Once you’ve attempted the silver dollar pick up (and been unsuccessful), you can try for it anytime you’d like, as long as Uncle Jack is there watching you. The Monday following Big Gymkhana, filled with optimism and a little vengeance, I warmed up Topeka and rode straight over to Uncle Jack. He saw me coming and smiled. Before I could say anything, he pulled a silver dollar from his pocket and said, “Go grab the chalk.”
That Monday, two days after Big Gymkhana, in front of Uncle Jack Huyler and a few other zealous freshmen, I picked up that silver dollar on the first try. “There ya go, Eaton!” I smiled as I held that silver dollar in my hand. I did it. My name is going on the list after all! I’m not a failure. I put the silver dollar in my pocket then rode straight back to the barns and called my dad.
“I did it, Dad.” I could him smiling on the other end of the line. Proud.
That summer my Dad gave us something special. He found some silver belt buckles with an opening to insert a silver dollar. He got us both one, to proudly display our silver dollars. That belt buckle became my most prized possession. I wore it all through high school, college tripping (great tip: I wore it in my college interviews as an “ice breaker.”) and I brought it with me back to college at St. Lawrence. Sadly, it was all the chaotic living during my time at St. Lawrence that I “lost” my most prized possession, either through theft, loss, or abandon (though I highly doubt the latter two). It was gone forever. I was absolutely crushed. How could I tell my dad that I lost this highly sentimental gift he gave me? He was so proud…
So, for the last eight years or so, I continued a small string of “lies” to account for the fact I didn’t have my silver dollar belt buckle when we went up to Thacher. It was breaking my heart every time he’d ask, the weight on my shoulders building with his desire to connect again in our matching belt buckles.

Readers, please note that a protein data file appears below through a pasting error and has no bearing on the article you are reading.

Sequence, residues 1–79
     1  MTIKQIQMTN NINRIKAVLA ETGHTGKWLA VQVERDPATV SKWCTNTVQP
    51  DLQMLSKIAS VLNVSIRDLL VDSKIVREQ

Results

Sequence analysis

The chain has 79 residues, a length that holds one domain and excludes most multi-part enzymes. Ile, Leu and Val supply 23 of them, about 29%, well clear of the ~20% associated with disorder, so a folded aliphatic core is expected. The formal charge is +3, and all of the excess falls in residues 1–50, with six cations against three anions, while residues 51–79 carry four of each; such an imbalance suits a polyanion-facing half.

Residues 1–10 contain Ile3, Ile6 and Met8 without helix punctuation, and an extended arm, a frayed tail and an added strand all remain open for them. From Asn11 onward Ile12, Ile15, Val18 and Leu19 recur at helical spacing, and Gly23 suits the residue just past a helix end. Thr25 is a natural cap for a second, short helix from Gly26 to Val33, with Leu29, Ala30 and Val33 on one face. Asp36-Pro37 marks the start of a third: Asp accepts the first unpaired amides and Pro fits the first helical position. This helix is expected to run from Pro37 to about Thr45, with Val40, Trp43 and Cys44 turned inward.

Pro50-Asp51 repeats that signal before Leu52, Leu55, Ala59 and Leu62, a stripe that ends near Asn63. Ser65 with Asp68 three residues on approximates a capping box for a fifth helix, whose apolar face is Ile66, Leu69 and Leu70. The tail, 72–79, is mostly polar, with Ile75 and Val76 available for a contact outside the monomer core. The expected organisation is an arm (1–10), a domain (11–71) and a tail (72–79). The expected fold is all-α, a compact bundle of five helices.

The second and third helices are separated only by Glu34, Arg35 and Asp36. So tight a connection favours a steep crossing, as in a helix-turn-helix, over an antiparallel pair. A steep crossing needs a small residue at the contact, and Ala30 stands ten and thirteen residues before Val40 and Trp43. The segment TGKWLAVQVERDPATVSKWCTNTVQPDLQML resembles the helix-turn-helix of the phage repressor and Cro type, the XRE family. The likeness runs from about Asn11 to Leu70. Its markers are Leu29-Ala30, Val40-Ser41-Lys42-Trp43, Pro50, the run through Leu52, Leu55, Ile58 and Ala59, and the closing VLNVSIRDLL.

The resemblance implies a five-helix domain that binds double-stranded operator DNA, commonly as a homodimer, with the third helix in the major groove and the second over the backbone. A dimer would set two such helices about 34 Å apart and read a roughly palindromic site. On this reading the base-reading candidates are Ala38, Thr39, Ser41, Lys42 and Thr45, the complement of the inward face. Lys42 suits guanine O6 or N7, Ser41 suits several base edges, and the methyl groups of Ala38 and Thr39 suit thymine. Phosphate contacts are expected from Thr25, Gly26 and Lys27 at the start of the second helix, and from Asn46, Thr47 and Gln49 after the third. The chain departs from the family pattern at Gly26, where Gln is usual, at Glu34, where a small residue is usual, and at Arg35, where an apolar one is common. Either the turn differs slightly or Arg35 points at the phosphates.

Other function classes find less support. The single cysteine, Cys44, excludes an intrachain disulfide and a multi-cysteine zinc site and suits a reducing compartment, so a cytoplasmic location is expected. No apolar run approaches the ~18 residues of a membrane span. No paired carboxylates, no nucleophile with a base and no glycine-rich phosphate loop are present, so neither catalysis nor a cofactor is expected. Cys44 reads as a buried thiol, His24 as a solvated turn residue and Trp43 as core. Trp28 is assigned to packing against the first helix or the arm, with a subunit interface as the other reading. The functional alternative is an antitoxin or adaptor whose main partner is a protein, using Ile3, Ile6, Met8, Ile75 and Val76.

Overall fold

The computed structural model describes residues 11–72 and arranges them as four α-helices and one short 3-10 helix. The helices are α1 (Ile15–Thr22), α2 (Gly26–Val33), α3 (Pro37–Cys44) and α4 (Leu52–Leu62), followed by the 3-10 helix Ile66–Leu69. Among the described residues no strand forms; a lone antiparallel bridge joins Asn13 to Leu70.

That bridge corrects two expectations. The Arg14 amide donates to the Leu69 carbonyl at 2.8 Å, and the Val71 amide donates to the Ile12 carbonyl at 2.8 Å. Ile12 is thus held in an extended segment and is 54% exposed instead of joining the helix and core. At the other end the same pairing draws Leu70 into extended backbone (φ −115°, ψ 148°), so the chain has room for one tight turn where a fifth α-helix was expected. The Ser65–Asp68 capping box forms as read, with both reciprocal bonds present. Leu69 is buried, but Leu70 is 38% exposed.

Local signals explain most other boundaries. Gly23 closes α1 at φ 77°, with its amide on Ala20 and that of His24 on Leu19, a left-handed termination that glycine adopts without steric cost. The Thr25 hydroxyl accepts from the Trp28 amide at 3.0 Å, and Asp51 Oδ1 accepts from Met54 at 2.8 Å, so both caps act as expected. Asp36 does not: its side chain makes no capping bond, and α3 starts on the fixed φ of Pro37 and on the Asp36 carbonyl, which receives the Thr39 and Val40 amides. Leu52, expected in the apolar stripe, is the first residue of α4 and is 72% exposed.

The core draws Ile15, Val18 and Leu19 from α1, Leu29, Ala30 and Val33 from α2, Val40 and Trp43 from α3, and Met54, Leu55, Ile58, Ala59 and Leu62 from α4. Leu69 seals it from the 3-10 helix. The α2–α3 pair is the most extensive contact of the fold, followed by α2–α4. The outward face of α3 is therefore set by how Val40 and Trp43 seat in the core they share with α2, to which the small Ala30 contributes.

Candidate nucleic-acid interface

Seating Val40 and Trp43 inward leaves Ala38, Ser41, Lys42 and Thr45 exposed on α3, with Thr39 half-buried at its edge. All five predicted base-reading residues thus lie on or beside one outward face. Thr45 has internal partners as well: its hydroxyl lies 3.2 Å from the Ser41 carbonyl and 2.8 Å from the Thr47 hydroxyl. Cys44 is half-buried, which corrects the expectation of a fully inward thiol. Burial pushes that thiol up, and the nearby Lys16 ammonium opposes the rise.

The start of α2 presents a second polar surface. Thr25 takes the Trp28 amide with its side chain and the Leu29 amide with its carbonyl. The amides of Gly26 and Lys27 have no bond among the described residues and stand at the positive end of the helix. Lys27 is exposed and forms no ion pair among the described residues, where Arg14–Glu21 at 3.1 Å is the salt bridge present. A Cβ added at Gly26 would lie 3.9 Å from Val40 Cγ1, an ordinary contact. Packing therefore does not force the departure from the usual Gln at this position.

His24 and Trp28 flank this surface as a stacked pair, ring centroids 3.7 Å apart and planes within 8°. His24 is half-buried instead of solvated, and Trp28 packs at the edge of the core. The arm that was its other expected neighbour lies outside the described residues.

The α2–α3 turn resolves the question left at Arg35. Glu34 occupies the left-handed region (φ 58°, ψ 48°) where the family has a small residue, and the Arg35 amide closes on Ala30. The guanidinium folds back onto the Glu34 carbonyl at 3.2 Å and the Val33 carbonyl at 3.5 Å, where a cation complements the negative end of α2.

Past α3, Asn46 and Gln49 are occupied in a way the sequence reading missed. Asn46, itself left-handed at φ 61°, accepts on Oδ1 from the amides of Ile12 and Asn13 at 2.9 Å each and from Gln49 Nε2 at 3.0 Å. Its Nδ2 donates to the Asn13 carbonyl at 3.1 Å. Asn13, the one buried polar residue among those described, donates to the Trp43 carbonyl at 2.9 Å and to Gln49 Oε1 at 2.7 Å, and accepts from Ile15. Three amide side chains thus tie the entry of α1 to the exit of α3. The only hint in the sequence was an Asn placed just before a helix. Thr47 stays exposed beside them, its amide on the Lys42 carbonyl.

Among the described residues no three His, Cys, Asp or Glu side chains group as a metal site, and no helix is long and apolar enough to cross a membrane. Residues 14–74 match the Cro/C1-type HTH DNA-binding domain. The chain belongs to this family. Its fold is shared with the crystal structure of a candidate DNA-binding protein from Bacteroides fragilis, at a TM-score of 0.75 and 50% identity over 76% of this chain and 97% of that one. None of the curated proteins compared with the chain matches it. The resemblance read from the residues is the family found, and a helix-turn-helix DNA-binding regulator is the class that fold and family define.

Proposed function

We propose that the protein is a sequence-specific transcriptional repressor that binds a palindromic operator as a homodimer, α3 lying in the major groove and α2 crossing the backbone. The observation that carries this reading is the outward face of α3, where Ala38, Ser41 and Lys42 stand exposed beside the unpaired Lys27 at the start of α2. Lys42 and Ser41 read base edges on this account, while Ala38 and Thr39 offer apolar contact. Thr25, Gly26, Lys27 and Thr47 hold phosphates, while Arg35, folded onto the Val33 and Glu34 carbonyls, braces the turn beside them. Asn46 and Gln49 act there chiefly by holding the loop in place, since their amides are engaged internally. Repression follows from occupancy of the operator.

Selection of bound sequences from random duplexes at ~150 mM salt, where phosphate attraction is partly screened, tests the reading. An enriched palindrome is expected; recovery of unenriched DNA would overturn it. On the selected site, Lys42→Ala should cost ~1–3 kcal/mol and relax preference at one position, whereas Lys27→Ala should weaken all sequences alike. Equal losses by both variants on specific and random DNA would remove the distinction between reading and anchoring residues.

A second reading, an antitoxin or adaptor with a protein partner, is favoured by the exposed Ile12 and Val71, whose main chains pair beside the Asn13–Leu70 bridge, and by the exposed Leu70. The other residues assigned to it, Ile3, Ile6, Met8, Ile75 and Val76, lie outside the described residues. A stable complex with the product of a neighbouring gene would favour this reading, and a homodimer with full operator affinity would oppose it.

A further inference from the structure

I vowed to save up enough money to buy myself another belt buckle, just like the one we had, before my dad could even recognize it was missing. After college, when I was living with Ward, I broke down and told him my version of the story, all the way back to Big Gymkhana when he picked up my silver dollar. We laughed. Of course it wasn’t really my silver dollar, but my heartache could have etched my name in that silver.
That year, for my birthday, Ward gave me another 1889 silver dollar. “I know it isn’t the one you picked up, but hopefully, when you get that belt, you can put this in it.” Yeah, I may have cried that time, too.
So, last Friday night, the day before the Big Gymkhana, my dad asked me, “Do you have your silver dollar belt buckle here?”
I said “no,” but realized there’s nowhere else it possibly could be. All my personal things are in Ojai. If not here, then where would it be? I was caught! So I bit down hard and told him the truth. How much I loved it, where I think it went missing, and how I’ve feared telling him for all these years because I was afraid to disappoint him. I hung my head in shame, ready for my verbal lashing about responsibility and not losing my shit.
Instead, he smiled and shook it off. “Why didn’t you say anything? That buckle is cheap and all you need is another leather belt to put it on.” He said. I quickly followed up with the fact that I already had an 1889 silver dollar to put in it.
“Perfect,” he said. “I’ll just get you another one.”
P.S. This year’s Big Gymkhana was great. And of the 10 students that attempted the Silver Dollar Pickup, only one girl successfully picked it up. (That’s her in the second picture!)